Despite his conservative bent, Saul Bellow was a great writer capable of deep humanitarian insights. This article will consider his life and career and focus on one of his most highly regarded works, Seize the Day. This 1956 novella captures the anxieties of people on the precipice of fame and wealth but still capable of falling backwards into poverty and obscurity. Bellow was the bard of an America that still remembered the Great Depression but that was anxious to move forward to power and prosperity. This tension gives it literary value. It also drives home what a loss it was when people such as Saul Bellow finally achieved insider status and lost touch with their humble roots.

Born on June 10, 1915 to immigrant parents in Lachine, a working-class suburb of Montreal, Saul Bellow and his family soon moved to Chicago, Illinois, where his father struggled to make ends meet, eventually turning to bootlegging. Ironically, things improved after the 1929 crash, when his father began selling wood chips for bakers’ ovens. (This biographical detail and subsequent ones come from James Atlas’s Bellow, a definitive 685-page work that took a decade to research and write. Atlas is obviously alienated from Bellow’s political views and shortcomings as a human being, but was scrupulous in his treatment of the great writer.)
Bellow discovered an early love of literature. By the time he was nine years old, he had read all the children’s books in the local library and was moving on to the adult section, starting with Gogol’s Dead Souls.

When Saul Bellow arrived at Tuley High School in 1931, he discovered a thriving radical movement. He soon struck up a friendship with Albert Glotzer, a Trotskyist who later became one of the exiled Russian’s bodyguards. Although Bellow was never ideological, his sympathies were with the left. As Glotzer put it, “It was inevitable, given our experience of life under Tsarism, that our family and close friends would be politically radical, if not always socialist.”
Bellow was a fellow traveler of the Young People’s Socialist League, which was moving leftwards in the 1930s and offered an alternative to the Communist Party. In addition to Glotzer, Bellow had struck up a friendship with Isaac Rosenfeld, another leftist and son of immigrant Jewish parents, who would eventually become a respected contributor to the Partisan Review, a journal that reflected Trotsky’s influence. Bellow remained friends with Glotzer and Rosenfeld long after his shift to the right.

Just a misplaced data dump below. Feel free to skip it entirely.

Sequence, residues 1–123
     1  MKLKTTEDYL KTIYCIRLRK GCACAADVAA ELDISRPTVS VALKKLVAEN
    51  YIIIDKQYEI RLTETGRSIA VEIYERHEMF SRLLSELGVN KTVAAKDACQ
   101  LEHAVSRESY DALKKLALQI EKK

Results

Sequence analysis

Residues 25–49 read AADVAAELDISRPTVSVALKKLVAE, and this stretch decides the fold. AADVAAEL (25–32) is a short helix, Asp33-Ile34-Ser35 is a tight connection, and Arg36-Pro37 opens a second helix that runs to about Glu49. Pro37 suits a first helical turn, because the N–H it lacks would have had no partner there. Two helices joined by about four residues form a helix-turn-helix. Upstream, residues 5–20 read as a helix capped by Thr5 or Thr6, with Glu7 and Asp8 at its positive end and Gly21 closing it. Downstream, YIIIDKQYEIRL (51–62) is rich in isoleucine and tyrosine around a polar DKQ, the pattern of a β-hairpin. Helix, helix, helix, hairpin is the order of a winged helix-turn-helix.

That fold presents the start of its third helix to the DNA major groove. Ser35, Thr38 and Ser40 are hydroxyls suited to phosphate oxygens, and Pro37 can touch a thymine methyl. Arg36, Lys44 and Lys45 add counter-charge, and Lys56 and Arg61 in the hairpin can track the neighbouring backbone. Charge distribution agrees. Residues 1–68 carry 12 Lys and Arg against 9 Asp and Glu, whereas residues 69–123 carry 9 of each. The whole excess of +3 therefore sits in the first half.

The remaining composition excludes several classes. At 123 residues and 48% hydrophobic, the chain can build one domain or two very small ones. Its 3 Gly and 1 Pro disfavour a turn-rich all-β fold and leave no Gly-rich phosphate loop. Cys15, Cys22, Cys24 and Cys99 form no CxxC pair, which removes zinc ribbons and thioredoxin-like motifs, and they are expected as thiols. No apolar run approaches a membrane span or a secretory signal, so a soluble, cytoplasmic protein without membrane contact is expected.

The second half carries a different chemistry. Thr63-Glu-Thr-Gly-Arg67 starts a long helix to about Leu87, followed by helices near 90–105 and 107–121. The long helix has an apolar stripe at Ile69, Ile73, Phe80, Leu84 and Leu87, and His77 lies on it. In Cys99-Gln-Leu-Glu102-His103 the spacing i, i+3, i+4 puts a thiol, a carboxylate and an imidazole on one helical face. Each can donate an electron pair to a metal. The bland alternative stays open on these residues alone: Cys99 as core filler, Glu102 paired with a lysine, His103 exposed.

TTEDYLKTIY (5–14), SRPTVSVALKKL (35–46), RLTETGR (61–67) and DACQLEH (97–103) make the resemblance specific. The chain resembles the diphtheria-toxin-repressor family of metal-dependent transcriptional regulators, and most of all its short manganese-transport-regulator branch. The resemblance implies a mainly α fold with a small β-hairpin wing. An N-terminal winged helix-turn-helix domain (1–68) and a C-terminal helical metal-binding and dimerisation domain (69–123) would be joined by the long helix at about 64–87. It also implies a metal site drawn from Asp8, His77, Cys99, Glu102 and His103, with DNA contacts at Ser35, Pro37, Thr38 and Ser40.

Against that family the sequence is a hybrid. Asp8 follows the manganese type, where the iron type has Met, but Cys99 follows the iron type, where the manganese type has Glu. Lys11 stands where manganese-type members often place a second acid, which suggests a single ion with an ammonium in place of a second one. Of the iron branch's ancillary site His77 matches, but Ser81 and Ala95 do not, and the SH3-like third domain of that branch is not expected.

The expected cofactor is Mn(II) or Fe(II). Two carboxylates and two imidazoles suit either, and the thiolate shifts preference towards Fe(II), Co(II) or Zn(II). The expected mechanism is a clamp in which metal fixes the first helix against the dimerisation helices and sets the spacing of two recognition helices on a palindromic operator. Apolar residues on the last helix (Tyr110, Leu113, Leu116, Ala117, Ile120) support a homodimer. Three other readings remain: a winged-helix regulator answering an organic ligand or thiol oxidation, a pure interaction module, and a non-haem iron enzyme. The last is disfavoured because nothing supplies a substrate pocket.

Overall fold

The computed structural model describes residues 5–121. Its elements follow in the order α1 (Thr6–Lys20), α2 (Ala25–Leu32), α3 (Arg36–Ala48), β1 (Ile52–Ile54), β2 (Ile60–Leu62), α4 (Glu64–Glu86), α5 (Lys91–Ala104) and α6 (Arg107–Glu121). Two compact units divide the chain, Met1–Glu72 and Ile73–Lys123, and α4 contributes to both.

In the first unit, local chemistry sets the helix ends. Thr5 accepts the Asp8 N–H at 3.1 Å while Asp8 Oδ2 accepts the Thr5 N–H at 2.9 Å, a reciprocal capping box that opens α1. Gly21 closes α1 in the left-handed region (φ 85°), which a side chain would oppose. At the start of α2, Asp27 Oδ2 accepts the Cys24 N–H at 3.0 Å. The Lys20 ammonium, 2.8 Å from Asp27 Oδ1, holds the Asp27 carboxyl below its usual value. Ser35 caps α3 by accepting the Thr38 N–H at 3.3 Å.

After Bellow and Rosenfeld became freshmen at the University of Chicago, they became known as Zinoviev and Kamenev on campus. They belonged to the Socialist Club on campus and edited Soapbox, its journal. On the masthead there was a quotation from William Randolph Hearst: “Red radicalism has planted a soapbox in every educational institution in America.”
In 1938, the Depression was still in full-swing and Saul Bellow had to scramble around for employment like other young men and women. That year he landed a job with the Federal Writers’ Project, which was a hotbed for aspiring young authors, especially those with a social conscience. It provided employment for other Chicago radicals like Nelson Algren, who had already published a novel, Somebody in Boots, about vagrant life, and Richard Wright, who spent most of his time at the project working on Native Son. Algren was a supporter of the Communist Party (CP) and Wright a member.

Looking back at this period in a Guardian article dated April 10, 1993 — long after he had embraced conservative ideology — Bellow still demonstrated an obvious affection for his youthful radicalism:

The country took us over. We felt that to be here was a great piece of luck. The children of immigrants in my Chicago high school, however, believed that they were also somehow Russian, and while they studied their Macbeth and Milton’s L’Allegro, they read Tolstoy and Dostoevsky as well and went on inevitably to Lenin’s State And Revolution, and the pamphlets of Trotsky. The Tuley high school debating club discussed the Communist Manifesto and on the main stem of the neighbourhood, Division Street, the immigrant intelligentsia lectured from soapboxes, while at “the forum,” a church hall on California Avenue, debates between socialists, communists and anarchists attracted a fair number of people.